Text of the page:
Friday, May 20, 2011

Great Ends Make Good Beginnings, Too

Epistrophe is another effective rhetorical strategy, one that is opposite to anaphora whereby a writer opens a series of phrases or sentences with the same word. Writers who practice epistrophe use the same word at the end of a series of phrases or sentences. Both anaphora and epistrophe are strategies that effectively use repetition to emphasize and clarify.

A classic example of epistrophe, well known to most Americans, is from Lincoln’s Gettysburg Address: "...and that government of the people, by the people, for the people shall not perish from the earth.” With epistrophe (the words people) at the end of three prepositional phrases, Lincoln focuses attention upon the remarkable system of government for which men fought and died: democracy, a government that empowers ordinary citizens to shape their present and future.

Jack Nicholson as Colonel Nathan R. Jessup on the stand in A Few Good Men emphasizes his importance and justifies his decision to issue the Code Red command with words that contain epistrophe: “You have the luxury of not knowing what I know -- that Santiago's death, while tragic, probably saved lives, and my existence, while grotesque and incomprehensible to you, saves lives.” Clearly, Jessup believes the means to end one man’s life justifies an end that protects many lives.

John Steinbeck made powerful use of epistrophe in the final pages of his novel, The Grapes of Wrath. Tom Joad as the voice and spirit of a downtrodden brotherhood, determined to fight for the right to thrive, says, "Wherever they's a fight so hungry people can eat, I'll be there. Wherever they's a cop beatin' up a guy, I'll be there. . . . An' when our folk eat the stuff they raise an' live in the houses they build--why, I'll be there." Joad’s message and his conviction have power because Steinbeck elected to use epistrophe.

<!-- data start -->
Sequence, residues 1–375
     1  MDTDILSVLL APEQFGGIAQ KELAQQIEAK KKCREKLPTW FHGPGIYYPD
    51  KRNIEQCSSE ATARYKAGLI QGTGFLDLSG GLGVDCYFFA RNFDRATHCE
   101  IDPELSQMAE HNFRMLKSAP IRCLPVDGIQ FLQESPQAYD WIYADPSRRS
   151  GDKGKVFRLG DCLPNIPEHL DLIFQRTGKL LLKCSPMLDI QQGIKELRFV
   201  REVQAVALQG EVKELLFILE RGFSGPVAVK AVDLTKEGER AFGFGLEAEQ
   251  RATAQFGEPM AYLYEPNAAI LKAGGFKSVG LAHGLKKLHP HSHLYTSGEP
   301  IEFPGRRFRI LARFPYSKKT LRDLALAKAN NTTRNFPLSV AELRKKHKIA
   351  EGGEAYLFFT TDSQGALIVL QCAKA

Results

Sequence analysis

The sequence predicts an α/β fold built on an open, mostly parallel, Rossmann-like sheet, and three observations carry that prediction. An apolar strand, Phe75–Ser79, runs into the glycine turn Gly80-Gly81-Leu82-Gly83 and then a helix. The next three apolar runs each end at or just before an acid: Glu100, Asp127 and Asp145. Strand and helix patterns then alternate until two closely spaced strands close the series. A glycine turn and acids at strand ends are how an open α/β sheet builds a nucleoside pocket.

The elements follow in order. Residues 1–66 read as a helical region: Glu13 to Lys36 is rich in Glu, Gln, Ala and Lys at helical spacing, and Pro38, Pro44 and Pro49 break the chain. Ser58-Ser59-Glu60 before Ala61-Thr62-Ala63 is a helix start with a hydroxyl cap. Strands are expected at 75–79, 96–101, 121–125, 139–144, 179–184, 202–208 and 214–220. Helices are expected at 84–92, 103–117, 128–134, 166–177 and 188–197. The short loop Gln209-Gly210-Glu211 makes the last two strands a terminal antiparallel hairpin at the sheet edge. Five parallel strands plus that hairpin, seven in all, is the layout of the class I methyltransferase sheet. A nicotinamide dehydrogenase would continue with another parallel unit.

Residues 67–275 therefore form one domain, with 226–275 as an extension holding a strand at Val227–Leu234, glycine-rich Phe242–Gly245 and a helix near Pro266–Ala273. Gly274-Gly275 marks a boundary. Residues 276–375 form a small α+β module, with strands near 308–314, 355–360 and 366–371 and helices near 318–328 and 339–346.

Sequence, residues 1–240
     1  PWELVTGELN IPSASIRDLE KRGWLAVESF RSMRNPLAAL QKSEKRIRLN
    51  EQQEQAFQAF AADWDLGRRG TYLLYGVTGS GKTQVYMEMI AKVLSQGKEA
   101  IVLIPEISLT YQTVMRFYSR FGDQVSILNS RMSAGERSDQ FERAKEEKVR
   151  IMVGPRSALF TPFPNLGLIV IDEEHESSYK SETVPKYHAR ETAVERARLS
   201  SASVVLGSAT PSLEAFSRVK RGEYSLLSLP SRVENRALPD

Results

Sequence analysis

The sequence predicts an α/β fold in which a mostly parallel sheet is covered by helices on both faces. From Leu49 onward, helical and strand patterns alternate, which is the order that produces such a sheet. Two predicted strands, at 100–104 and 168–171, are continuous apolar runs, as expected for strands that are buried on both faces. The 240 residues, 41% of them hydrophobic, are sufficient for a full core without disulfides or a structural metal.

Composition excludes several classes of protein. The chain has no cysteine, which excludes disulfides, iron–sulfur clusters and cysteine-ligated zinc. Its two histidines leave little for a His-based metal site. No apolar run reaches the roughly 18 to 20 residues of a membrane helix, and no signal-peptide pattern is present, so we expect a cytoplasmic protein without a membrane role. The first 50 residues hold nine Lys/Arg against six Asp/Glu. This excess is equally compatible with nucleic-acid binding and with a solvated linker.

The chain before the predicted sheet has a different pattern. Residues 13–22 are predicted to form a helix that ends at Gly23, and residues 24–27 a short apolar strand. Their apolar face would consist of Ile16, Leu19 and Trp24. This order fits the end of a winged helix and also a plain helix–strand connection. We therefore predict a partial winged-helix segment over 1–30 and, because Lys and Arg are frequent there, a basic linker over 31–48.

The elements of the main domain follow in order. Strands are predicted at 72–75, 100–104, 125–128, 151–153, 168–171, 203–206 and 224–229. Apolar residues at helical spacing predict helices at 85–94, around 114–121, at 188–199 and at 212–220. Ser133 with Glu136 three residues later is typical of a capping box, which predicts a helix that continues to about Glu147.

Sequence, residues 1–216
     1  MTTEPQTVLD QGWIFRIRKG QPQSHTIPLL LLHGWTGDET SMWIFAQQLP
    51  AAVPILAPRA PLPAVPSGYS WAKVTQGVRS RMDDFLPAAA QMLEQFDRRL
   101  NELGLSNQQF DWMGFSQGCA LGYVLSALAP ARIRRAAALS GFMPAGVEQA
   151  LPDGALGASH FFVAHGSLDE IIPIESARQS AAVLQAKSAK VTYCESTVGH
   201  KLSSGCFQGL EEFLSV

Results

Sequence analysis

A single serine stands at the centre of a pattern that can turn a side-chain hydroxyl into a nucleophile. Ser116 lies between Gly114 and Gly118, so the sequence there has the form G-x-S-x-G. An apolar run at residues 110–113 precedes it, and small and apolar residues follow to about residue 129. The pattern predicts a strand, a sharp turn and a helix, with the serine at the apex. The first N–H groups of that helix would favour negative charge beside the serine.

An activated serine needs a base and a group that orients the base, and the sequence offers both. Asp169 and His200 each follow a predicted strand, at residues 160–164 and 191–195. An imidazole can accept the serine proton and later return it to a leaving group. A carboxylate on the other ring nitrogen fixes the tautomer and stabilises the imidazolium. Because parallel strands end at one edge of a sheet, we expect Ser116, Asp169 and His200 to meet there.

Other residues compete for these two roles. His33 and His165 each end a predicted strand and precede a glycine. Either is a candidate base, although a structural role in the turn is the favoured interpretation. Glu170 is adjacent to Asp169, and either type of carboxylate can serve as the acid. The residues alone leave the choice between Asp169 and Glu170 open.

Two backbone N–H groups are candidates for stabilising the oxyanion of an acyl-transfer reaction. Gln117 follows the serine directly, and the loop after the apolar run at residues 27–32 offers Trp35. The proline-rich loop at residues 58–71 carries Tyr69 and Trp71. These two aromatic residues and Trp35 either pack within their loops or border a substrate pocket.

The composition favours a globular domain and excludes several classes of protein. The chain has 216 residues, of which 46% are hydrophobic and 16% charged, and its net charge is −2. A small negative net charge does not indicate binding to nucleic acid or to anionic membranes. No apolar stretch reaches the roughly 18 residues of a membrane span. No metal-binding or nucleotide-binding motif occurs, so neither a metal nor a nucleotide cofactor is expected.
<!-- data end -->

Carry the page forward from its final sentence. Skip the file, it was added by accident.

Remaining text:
Ralph Waldo Emerson combined anaphora and epistrophe to invent a remarkable, memorable declaration: "What lies behind us and what lies before us are tiny compared to what lies within us." Emerson begins three phrases with the words “what lies” and closes the same three phrases with “us.”

Reading Challenge:

Read President Barack Obama’s Inaugural Address (January 20, 2009) and Election Night Victory Speech (November 4, 2008) to discover many effective rhetorical strategies, including all those reviewed in recent posts: epistrophe, antithesis, and anaphora. You may read the full text of these speeches.

Writing Challenge:

Use the examples provided in this post to imitate the pattern and create passages that contain epistrophe. You may also wish to turn to your writing journals or essays to rewrite a passage, making it more effective and powerful with epistrophe.

Grammar, Usage, and Mechanics (GUM):

Select the passage spoken by Jack Nicholson in the film A Few Good Men. Follow the grammatical, syntactical patterns exactly in order to create your own message. Note the punctuation choices, the adverbial clauses (that begin with “while” and stand between the subject “death” and the verb “saves”), and the uses of anaphora as well as epistrophe. Post your attempts or as a comment on this blog.

Connye Griffin is the sole writer, editor, teacher, and coach for My Writing and Editing Coach.